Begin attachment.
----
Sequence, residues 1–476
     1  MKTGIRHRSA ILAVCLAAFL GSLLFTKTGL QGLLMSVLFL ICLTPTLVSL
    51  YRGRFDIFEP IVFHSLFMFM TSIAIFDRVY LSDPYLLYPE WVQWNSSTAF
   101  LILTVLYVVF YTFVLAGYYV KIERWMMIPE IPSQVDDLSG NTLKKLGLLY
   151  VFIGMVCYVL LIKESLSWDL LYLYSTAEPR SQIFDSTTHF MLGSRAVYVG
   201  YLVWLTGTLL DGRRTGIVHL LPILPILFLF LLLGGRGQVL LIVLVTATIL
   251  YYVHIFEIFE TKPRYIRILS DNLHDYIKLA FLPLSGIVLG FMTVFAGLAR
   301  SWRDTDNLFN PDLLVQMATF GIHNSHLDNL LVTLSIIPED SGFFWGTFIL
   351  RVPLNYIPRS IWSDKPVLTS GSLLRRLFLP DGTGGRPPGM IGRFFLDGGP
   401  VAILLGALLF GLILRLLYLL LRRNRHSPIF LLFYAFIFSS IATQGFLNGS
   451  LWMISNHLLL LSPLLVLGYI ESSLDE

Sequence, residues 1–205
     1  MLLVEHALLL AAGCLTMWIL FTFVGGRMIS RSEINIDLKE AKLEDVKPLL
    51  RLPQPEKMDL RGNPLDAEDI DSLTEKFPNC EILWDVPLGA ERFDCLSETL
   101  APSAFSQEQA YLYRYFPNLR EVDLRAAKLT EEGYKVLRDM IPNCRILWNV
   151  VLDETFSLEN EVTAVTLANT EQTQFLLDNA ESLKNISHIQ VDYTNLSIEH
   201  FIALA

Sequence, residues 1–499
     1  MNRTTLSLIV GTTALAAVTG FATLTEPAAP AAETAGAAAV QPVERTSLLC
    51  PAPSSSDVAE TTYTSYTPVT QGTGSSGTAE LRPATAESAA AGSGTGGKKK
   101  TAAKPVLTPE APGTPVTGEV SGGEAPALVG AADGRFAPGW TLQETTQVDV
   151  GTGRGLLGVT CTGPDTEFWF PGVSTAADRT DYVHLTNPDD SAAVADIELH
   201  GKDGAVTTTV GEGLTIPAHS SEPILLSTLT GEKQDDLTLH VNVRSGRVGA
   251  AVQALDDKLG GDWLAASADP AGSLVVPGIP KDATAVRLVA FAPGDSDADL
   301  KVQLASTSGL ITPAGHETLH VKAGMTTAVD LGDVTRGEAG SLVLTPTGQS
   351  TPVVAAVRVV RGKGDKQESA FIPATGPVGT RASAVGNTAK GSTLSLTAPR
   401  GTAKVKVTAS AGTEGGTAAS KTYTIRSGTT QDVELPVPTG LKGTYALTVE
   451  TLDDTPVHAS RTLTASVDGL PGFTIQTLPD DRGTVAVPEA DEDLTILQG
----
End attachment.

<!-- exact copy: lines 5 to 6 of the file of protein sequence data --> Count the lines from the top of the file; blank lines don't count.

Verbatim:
   151  VFIGMVCYVL LIKESLSWDL LYLYSTAEPR SQIFDSTTHF MLGSRAVYVG
   201  YLVWLTGTLL DGRRTGIVHL LPILPILFLF LLLGGRGQVL LIVLVTATIL